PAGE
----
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How can universities maintain hybrid education across the UK as network demands become increasingly complex?

Magnus Bjornsson, CEO at Men&Mice

Network management is key to maintaining online higher education 

The COVID-19 pandemic has resulted in the biggest disruption to global higher education in the modern era. Like every other facet of UK society, universities had to rapidly adjust to a world in which close physical proximity became dangerous, making traditional lectures impossible.

At the beginning of the pandemic, UK higher education institutions had to abruptly shift to online learning formats to guarantee some form of educational continuity for their students. This process was not easy, with universities confronted with the challenge of how to provide comprehensive learning within the limits of a purely online learning environment.

Given the rapid pace of events during the opening stages of the pandemic, universities could be forgiven for any technological teething issues. However, the UK is now over a year into pandemic restrictions and, with partial online teaching set to continue for many universities into the 2021 autumn term, students will expect their education be delivered as seamlessly as possible.

The onus is on universities to support the COVID generation of students as best they can, and so they must manage their complex IT infrastructures as efficiently as possible to avoid hampering class time with brownouts and outages.

The increasingly complex network infrastructure of universities

Even before the increased network demands of the pandemic, digital transformation was driving an increasing complexity of university networks.

After all, educational institutions are now powered by dynamic and multi-layered network environments. On-campus mobile connectable devices keep proliferating, while teaching practices, educational resources and administration continue to migrate to collaborative online platforms and virtual learning environments.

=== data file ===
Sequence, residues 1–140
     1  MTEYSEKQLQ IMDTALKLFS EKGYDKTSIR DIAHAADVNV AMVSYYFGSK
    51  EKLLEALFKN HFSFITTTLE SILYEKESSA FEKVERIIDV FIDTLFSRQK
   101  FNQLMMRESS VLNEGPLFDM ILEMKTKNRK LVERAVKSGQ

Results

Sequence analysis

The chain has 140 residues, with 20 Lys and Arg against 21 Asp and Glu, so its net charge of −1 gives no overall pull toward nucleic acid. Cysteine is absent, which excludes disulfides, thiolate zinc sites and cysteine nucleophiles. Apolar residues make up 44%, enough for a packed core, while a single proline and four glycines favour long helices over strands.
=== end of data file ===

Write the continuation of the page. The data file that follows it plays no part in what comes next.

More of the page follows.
Needless to say, COVID-19 triggered a huge increase in online educational activity. As the world shifted online, university networks have borne through a heavy increase in traffic. Further exacerbating university network strain are the security and optimisation needs from a flood of personal devices (BYOD) being connected to the network, an increased reliance on the internet of things (IoT) and a steady migration of data and services to the cloud. All of these trends have been greatly accelerated by the pandemic.

The matter of guaranteeing network stability is one of effective IP address management (IPAM), which for education institutions is a complicated task. On any given university network, you are likely to find a range of different Unix/Linux or Windows devices, as well as any array of public or private cloud services. This infrastructure is supported by multiple servers that must be monitored by IT teams if uptime is to be guaranteed – this is no small feat.

Without a unified overview or centralised access control, this diverse network topology poses increasingly complex challenges, threatening IP infrastructure stability and network uptime upon which online education is fundamentally supported.

Managing university network infrastructure

In supporting university networks in the face of rapid digital transformation, the heavy lifting falls upon the unseen dynamics of network connectivity – this is the interplay between domain name systems (DNS), dynamic host configuration protocol (DHCP) and IPAM. Collectively, managing this networking infrastructure is known as DDI.

Through DDI, network infrastructure data can be consolidated into a single pane of glass – a term used in IT management that describes the highly valued quality of unifying data and interfaces from several sources in a single view. This enables IT teams to maintain centralised network overview and control so that they can deal with issues in the IT environment before they result in disruption to online education. This brings much needed stability to highly dynamic education infrastructures that need to meet increased network strain.

There is no telling when in-person university classes and courses will resume. Indeed, it is likely that an increasing digitalisation of learning outside of the traditional class format may now become a norm even beyond the pandemic. This being the case, universities have a duty to their students to optimise their networks and prevent downtime which may impact their studies. After all, prospective new students, who are now well-used to online learning, will take note of which universities will best guarantee their educations.

Magnus Bjornsson, CEO at Men&Mice

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